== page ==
Proving That Pigs Can Fly

Instruc­tions for a Sci­en­tif­i­cal­ly Cor­rect, Data-Dri­ven, Peer-Reviewed Study Con­clud­ing That Pigs Can Fly

1) You will need a spon­sor for your study. This will be fair­ly sim­ple if you request your fund­ing from orga­ni­za­tions (usu­al­ly gov­ern­men­tal or insur­ance agen­cies) which would oth­er­wise be held respon­si­ble for pro­vid­ing food and shel­ter for flight­less pigs. It is gen­er­al­ly assumed that ani­mals who can fly (i.e. birds) can pro­vide for them­selves and thus do not require such provisions.

2) You will need to select appro­pri­ate cri­te­ria for the selec­tion of your pigs. Avoid any cri­te­ria which use genet­ic or oth­er sci­en­tif­ic bases to define the term “pig.” Instead, use cri­te­ria such as the (fic­ti­tious) Junior Scholas­tic Preschool Def­i­n­i­tion, which defines pigs as “round-bod­ied mam­mals with cloven hooves, curly tails, and flat­tened snouts.” You can then fur­ther broad­en the cri­te­ria by reduc­ing it to sim­ply “mam­mals with cloven hooves,” and rename it “The Revised Scholas­tic Def­i­n­i­tion of Pigs.” In this man­ner, you will be able to stock your study group heav­i­ly with ani­mals such as deer and antelope.

3) You will also need to cor­rect­ly define “flight.” After care­ful con­sid­er­a­tion, you might select a def­i­n­i­tion that spec­i­fies that the ani­mal must have all four feet off of the ground and be air­borne for a dis­tance of .7 meters.

4) You are now ready to begin recruit­ing your loose­ly-defined “pigs” for par­tic­i­pa­tion in the study. Elim­i­nate as “unmo­ti­vat­ed” all ani­mals who have been observed wal­low­ing in mud, as this is a sign of laziness.

5) Will­ing­ness to accept the con­cept of pig flight is essen­tial. Elim­i­nate all appli­cants whose lim­it­ed per­cep­tions exclude this possibility.

6) Begin your train­ing process with a psy­cho­log­i­cal inter­ven­tion designed to remove all thought process­es which would neg­a­tive­ly affect pig flight out­comes. Any appli­cant who refus­es this inter­ven­tion will be con­sid­ered a dropout of the pro­gram, and will not be includ­ed in your final statistics.

7) Sub­ject all par­tic­i­pants to rig­or­ous­ly enforced jump­ing exer­cis­es, per­formed on a dai­ly basis. Any “pig” who fails to show up for all exer­cis­es will be dropped from the pro­gram and, again, will not appear in the final statistics.

8) For the final test, group all “pigs” on a small par­cel of land sur­round­ed by a .7 meter-wide ditch with water at the bot­tom of it. Ignite some loud explo­sives to scare the day­lights out of all the ani­mals, and record which ani­mals clear the ditch in their mad dash to escape. The deer and ante­lope, who, by this time, make up the largest com­po­nent of your study group, should clear the ditch eas­i­ly, thus pro­vid­ing you with impres­sive suc­cess sta­tis­tics for your study.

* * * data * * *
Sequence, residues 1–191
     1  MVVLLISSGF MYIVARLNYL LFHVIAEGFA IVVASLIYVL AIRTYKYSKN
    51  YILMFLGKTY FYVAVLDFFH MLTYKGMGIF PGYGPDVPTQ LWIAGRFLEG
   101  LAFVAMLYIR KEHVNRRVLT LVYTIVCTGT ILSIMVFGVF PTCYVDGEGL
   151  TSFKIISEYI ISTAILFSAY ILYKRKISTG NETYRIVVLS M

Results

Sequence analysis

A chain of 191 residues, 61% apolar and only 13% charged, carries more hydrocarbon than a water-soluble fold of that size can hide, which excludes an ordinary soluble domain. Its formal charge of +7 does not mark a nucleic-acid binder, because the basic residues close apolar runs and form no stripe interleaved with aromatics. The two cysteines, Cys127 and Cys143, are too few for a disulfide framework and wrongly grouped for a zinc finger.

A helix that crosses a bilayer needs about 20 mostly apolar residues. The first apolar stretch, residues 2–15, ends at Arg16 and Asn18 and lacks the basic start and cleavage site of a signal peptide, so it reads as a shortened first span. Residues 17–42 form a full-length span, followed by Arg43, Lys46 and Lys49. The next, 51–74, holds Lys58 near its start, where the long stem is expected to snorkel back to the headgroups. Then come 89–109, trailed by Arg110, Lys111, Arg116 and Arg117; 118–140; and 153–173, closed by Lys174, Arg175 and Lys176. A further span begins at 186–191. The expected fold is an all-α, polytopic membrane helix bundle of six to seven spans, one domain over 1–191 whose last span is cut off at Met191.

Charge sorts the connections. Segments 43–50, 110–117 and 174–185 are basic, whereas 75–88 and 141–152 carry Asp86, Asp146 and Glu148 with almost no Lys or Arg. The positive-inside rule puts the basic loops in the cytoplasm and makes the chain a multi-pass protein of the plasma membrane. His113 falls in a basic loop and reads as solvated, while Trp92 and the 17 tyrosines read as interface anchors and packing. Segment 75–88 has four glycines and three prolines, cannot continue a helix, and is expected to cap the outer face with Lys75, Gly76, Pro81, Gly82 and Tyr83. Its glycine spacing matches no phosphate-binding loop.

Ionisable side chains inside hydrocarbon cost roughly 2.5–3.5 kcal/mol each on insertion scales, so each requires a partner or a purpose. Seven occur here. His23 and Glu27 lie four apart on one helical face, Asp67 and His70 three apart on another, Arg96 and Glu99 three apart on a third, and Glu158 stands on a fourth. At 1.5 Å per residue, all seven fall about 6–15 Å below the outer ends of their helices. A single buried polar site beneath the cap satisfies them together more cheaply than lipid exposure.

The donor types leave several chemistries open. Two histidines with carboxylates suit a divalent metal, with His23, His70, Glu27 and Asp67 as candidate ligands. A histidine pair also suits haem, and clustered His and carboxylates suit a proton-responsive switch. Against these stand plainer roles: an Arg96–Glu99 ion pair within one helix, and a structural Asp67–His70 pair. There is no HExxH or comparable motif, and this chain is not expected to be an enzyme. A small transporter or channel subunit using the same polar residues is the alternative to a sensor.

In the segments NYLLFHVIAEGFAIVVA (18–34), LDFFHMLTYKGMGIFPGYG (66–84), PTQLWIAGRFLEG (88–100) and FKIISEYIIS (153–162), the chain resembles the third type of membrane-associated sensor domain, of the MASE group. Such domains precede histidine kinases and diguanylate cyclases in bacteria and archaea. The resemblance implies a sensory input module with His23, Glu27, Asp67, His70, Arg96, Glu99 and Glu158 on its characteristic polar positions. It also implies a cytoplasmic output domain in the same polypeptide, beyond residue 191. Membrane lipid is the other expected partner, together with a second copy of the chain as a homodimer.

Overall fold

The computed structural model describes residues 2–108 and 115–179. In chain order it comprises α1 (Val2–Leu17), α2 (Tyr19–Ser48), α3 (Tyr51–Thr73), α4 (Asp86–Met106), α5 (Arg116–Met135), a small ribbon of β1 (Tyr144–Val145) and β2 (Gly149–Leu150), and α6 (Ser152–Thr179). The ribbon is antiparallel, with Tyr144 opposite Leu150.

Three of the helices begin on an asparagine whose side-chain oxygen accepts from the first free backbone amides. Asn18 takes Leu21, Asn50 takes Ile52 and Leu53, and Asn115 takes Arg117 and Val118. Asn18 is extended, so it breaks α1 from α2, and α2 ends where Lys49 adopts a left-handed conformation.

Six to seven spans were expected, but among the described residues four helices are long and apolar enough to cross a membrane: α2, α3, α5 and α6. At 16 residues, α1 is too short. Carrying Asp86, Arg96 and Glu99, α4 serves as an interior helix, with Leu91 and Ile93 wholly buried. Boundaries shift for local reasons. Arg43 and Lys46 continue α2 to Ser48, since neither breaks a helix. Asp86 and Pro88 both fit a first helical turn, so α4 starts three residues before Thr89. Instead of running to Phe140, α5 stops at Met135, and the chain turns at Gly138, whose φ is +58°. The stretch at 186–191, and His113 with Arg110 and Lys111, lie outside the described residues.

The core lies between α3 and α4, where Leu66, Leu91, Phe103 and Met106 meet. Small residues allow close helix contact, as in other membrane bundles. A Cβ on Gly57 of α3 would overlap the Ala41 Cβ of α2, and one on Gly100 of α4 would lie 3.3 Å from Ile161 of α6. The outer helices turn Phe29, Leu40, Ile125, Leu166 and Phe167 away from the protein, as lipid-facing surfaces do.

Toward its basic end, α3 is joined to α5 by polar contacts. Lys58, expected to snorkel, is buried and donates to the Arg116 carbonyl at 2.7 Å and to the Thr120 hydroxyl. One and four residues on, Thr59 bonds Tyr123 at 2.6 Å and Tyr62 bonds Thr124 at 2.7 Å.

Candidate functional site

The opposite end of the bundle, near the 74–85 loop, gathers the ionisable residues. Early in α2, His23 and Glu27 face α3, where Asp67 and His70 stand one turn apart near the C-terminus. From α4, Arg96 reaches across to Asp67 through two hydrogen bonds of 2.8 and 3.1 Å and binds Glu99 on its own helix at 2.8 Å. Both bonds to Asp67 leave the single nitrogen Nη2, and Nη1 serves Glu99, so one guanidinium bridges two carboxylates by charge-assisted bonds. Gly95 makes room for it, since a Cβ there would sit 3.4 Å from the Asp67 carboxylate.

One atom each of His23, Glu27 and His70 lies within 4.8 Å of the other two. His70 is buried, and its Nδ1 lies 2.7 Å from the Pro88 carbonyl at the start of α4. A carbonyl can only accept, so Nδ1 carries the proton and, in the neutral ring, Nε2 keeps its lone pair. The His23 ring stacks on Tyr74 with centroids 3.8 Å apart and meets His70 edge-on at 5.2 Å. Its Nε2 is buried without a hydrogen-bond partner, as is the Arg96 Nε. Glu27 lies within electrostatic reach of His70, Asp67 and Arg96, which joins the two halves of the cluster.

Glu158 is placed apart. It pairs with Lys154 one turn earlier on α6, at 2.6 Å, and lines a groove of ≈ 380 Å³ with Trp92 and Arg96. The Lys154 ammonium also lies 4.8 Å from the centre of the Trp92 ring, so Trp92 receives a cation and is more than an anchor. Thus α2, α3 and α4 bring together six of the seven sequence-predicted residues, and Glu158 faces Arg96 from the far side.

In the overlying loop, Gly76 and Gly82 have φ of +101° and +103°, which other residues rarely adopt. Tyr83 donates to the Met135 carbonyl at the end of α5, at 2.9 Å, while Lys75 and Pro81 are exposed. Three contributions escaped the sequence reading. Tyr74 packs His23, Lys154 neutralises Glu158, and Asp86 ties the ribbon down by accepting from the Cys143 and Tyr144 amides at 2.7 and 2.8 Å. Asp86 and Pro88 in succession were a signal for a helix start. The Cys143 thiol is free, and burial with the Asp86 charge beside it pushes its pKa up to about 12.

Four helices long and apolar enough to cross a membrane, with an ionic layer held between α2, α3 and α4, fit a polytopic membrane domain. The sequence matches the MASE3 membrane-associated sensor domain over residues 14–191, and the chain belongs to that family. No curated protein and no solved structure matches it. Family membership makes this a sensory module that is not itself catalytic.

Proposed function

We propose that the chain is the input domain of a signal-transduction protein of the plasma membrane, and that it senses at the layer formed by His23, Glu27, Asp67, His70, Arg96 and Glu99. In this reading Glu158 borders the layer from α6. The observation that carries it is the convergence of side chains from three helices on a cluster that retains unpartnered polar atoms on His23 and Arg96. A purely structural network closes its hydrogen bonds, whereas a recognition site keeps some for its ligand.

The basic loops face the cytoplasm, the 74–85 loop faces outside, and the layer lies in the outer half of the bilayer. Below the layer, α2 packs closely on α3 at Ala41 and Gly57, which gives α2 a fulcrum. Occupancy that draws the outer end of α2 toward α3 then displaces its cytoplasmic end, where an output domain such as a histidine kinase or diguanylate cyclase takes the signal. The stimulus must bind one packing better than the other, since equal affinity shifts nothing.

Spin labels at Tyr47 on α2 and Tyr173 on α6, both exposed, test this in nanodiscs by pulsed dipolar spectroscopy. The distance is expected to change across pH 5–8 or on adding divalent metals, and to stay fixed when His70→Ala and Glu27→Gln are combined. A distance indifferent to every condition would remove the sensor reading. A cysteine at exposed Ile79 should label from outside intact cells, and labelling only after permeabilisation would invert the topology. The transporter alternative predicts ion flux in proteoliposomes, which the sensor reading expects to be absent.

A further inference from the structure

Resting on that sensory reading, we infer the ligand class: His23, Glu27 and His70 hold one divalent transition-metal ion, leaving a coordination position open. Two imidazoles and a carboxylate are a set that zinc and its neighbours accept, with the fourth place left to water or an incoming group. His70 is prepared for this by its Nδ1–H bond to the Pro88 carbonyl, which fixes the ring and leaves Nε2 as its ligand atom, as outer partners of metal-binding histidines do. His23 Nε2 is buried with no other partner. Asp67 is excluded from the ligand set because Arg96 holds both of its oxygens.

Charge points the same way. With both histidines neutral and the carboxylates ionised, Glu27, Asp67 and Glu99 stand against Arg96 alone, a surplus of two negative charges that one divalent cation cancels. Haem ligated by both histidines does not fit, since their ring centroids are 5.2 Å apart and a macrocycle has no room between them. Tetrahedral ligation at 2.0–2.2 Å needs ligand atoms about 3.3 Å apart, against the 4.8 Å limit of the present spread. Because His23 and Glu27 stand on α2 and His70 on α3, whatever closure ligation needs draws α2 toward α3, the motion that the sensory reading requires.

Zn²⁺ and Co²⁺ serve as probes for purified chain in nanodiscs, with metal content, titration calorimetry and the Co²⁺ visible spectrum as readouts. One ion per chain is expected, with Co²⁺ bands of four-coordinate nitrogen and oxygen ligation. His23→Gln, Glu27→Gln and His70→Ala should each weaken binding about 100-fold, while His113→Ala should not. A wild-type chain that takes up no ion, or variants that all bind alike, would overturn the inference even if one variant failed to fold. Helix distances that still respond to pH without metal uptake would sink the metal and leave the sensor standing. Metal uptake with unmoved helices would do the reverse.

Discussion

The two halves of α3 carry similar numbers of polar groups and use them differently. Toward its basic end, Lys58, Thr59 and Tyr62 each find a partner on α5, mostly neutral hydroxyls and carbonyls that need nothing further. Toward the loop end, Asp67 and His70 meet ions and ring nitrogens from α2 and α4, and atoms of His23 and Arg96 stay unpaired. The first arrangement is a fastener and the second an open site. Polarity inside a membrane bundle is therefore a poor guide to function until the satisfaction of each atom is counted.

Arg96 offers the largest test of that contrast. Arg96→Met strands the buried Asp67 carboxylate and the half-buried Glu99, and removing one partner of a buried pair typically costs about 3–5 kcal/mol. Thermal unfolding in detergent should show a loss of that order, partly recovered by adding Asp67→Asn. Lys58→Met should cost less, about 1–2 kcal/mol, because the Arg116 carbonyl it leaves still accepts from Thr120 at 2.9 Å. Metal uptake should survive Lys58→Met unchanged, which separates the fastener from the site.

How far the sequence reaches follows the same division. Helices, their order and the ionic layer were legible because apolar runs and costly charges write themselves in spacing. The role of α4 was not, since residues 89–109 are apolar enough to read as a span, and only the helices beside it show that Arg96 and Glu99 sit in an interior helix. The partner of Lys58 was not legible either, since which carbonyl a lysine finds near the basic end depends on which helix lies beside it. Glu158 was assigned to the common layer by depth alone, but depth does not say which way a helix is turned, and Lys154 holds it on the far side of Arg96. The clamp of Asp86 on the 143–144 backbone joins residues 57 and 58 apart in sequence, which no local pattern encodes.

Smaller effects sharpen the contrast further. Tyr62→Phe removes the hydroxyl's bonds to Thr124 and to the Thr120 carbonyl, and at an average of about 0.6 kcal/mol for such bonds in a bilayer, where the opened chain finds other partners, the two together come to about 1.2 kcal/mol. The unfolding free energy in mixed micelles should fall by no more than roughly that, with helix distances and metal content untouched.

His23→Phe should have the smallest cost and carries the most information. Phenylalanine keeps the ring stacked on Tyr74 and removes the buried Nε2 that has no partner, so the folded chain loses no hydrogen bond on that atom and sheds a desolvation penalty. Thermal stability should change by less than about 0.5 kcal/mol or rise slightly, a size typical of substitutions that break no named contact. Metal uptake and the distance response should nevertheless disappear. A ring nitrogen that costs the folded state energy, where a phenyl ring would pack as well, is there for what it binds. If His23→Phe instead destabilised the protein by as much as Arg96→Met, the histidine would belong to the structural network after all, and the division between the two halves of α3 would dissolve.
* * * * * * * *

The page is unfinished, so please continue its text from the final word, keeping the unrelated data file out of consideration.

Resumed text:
9) Any ani­mal who refus­es to jump across the ditch will be con­sid­ered a dropout and will be elim­i­nat­ed from the study results. Any ani­mal who attempts the jump, but lands in the water, will be imme­di­ate­ly dis­qual­i­fied for “wal­low­ing.” Ani­mals who com­plain of exhaus­tion or pain from the jump­ing will be ignored.

10) Have the entire study peer-reviewed by one of your asso­ciates who is in the same busi­ness and also stands to gain from your success.

You can now present your impres­sive sta­tis­tics to your finan­cial back­ers, who will laud you open­ly and will see to it that your stud­ies are pub­lished in the most pres­ti­gious med­ical jour­nals. You are also in an excel­lent posi­tion to earn large amounts of mon­ey sell­ing your flight-train­ing reg­i­men for pigs. Pigs every­where will be informed that if they refuse to par­tic­i­pate in your pro­gram, they will be dis­qual­i­fied from all sus­te­nance ben­e­fits which they may be cur­rent­ly receiv­ing. Pigs who DO par­tic­i­pate in your pro­gram, and suc­cess­ful­ly man­age to com­plete the .7 meter jump, will be imme­di­ate­ly informed that they are now capa­ble of flight and will no longer be con­sid­ered eli­gi­ble for food and shel­ter from any gov­ern­ment or insur­ance agency.

If some pigs orga­nize protest groups, you can dis­miss them as “mis­guid­ed” and “resis­tant to the mind-body-spir­it” approach to self-improve­ment. You can then apply for anoth­er study grant in which you inter­view these pro­test­ers and con­clude that their “attri­bu­tions and per­cep­tions” are lim­it­ing their true flight potential.

Good luck, and may your endeav­ors be profitable!

If this study sounds ridicu­lous to you, then you have obvi­ous­ly not exam­ined the large num­ber of sim­i­lar­ly out­ra­geous stud­ies which have been imposed on suf­fer­ers of Myal­gic Encephalomyelitis, Chron­ic Fatigue Syn­drome, Fibromyal­gia, and Gulf War Syndrome.

It is high time that peo­ple and gov­ern­ments accept­ed the fol­low­ing realities:

1) Pigs can­not fly, no mat­ter how hard they ded­i­cate them­selves to the effort.

2) Suf­fer­ers of the above-men­tioned dis­eases are not going to recov­er until sig­nif­i­cant finan­cial resources are invest­ed in bio­log­i­cal research to deter­mine the cause, eti­ol­o­gy, and effec­tive med­ical treat­ments for these seri­ous phys­i­cal illnesses.

A let­ter to The Times by Elsie Owings, ME/CFS suf­fer­er and past pres­i­dent of the West Michi­gan CFIDS Sup­port Group. 

Cyn is Rick's wife, Katie's Mom, and Esther & Oliver's Mémé. She's also a professional geek, avid reader, fledgling coder, enthusiastic gamer (TTRPGs), occasional singer, and devoted stitcher.
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